Liberia held a significant election as George Weah sought a second presidential term. Peace and prosperity topped voters’ concerns in a country marked by past civil wars.
Days before polling stations opened at 8:00 GMT, lines formed at voting centres in Monrovia, primarily in schools. First-time voter Agostina Momo, 18, said she voted for the good of her country, expecting peace and development.
The major parties pledged peaceful presidential and legislative elections. Recent clashes between their supporters, resulting in three deaths, raised fears of a violent resurgence.
Weah’s re-election campaign ended with clashes between his supporters and opposition members. Police used tear gas, leaving several injured. Residents in Buchanan, east of Monrovia, voiced their desire for peace above all else.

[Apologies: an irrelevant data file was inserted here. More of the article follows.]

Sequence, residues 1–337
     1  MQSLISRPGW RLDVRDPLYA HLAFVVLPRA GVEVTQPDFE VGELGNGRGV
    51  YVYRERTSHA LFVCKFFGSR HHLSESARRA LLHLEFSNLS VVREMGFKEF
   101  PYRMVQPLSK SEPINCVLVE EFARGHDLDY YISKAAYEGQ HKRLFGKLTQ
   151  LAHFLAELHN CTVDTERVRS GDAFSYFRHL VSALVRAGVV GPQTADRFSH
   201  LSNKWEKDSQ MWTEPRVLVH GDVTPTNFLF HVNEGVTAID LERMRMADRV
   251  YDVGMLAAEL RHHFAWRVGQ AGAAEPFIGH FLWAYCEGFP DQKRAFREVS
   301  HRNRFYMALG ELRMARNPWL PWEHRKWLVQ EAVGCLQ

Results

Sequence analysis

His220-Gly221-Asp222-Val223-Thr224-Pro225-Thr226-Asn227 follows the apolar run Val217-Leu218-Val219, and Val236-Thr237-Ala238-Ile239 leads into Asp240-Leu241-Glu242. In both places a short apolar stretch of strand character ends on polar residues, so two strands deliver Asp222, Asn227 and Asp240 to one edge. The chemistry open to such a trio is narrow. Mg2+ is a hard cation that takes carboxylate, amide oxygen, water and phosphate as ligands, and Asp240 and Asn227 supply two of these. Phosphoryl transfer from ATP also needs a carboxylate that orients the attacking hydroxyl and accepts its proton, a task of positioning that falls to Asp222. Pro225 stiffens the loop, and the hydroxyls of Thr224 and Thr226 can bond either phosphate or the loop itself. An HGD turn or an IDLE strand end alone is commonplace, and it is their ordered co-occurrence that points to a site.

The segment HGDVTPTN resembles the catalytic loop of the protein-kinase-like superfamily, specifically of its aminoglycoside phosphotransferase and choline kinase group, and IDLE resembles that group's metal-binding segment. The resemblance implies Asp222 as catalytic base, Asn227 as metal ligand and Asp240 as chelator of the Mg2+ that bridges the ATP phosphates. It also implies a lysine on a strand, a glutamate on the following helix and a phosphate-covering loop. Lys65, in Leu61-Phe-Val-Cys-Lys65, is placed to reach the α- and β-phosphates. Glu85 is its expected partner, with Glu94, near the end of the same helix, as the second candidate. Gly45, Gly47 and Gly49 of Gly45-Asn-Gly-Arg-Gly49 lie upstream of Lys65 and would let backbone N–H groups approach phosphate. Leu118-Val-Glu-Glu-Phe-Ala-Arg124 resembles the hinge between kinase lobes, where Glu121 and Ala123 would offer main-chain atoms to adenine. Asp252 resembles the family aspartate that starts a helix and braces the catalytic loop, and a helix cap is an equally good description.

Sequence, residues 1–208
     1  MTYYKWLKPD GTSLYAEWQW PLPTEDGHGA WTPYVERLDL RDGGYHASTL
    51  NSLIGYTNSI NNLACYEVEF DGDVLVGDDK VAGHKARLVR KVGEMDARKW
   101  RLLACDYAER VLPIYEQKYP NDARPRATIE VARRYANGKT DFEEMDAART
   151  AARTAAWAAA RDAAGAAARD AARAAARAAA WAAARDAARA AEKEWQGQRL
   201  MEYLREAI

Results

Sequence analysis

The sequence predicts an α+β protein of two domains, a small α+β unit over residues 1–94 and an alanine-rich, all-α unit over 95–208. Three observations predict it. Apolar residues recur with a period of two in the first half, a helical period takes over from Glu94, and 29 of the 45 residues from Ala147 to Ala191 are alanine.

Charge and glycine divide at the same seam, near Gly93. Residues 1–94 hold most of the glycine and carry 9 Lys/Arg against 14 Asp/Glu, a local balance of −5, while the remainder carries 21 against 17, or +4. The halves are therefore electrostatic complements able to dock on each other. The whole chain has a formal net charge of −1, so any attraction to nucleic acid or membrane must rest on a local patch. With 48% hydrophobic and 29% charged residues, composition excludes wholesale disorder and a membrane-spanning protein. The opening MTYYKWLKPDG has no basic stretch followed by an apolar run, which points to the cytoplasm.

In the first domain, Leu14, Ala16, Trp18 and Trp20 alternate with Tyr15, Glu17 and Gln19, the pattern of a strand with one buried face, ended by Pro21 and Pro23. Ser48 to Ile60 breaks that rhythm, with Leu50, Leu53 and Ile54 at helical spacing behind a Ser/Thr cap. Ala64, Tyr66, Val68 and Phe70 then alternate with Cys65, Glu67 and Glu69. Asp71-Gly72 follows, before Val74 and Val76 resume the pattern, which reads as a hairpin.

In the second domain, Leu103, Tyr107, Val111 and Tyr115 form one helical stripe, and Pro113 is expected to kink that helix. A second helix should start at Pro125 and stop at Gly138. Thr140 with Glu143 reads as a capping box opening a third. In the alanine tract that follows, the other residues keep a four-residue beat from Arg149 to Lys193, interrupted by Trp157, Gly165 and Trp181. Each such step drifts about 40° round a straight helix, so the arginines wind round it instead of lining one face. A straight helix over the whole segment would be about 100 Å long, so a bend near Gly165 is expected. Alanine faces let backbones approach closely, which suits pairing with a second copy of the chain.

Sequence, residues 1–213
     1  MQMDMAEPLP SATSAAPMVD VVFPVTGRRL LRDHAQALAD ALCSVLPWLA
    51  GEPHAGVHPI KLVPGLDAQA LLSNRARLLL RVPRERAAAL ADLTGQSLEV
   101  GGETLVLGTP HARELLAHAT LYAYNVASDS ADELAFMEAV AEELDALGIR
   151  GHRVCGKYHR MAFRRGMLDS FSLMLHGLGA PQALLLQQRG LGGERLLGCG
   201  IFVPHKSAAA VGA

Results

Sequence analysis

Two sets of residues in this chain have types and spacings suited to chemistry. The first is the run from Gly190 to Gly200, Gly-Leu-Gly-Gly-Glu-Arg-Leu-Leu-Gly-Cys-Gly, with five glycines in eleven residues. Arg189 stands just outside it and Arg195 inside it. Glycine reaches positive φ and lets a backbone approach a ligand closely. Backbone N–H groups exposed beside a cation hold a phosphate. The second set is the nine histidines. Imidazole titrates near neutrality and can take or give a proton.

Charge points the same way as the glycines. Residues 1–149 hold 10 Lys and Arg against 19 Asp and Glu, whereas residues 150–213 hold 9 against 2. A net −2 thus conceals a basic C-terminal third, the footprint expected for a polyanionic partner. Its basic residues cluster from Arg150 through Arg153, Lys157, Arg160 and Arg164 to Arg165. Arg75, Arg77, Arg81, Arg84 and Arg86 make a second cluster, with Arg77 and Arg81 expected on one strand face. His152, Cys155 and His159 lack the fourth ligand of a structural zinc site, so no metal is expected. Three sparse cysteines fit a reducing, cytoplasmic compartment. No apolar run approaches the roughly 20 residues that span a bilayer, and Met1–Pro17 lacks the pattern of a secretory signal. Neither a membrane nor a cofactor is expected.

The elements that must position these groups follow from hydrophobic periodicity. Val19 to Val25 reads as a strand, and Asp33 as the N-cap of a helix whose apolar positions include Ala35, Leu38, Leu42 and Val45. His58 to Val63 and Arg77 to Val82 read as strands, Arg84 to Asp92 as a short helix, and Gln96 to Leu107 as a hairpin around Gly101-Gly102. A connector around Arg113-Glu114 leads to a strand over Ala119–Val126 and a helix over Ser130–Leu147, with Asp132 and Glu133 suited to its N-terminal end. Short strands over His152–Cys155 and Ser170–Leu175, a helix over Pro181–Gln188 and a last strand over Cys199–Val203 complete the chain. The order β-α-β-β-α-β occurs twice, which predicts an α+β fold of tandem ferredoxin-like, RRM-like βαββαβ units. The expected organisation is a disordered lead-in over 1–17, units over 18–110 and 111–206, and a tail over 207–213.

Concerns over healthcare, education, jobs, infrastructure, and living costs lingered but took a backseat to fears of renewed violence. Liberia’s past conflicts left over 250,000 dead from 1989 to 2003.
Incumbent President Weah, 57, faces 19 presidential candidates and likely a second-round runoff. His campaign slogan, “One round victory,” stressed the need to preserve peace for sustainable development.
Despite promises to create jobs and invest in education, critics argue that Weah fell short. The National Electoral Commission aimed to reassure voters of a fair election.
International observers from the EU, AU, ECOWAS, and the U.S. monitored the polls. Stations closed at 1800 GMT, with 2.4 million voters also selecting House of Representatives and Senate members. Initial results are expected in 15 days.
Former Vice President Joseph Boakai, a frontrunner for the presidency, pledged to restore Liberia’s image, enhance infrastructure, and alleviate hardships. Corruption concerns persisted, with the U.S. sanctioning five senior Liberian officials in recent years. As Liberia voted in this critical election, it grappled with complex challenges, holding onto hopes for a peaceful and prosperous future.